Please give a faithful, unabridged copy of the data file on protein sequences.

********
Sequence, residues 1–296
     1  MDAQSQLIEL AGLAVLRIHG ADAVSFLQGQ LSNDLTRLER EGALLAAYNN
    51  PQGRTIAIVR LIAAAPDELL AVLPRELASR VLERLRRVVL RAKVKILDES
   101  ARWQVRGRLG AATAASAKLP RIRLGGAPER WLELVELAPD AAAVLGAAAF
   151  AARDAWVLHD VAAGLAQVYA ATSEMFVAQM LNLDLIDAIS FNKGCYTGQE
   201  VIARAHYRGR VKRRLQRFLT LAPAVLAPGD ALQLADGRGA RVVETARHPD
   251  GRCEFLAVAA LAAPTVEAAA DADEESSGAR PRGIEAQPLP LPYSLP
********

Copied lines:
Sequence, residues 1–296
     1  MDAQSQLIEL AGLAVLRIHG ADAVSFLQGQ LSNDLTRLER EGALLAAYNN
    51  PQGRTIAIVR LIAAAPDELL AVLPRELASR VLERLRRVVL RAKVKILDES
   101  ARWQVRGRLG AATAASAKLP RIRLGGAPER WLELVELAPD AAAVLGAAAF
   151  AARDAWVLHD VAAGLAQVYA ATSEMFVAQM LNLDLIDAIS FNKGCYTGQE
   201  VIARAHYRGR VKRRLQRFLT LAPAVLAPGD ALQLADGRGA RVVETARHPD
   251  GRCEFLAVAA LAAPTVEAAA DADEESSGAR PRGIEAQPLP LPYSLP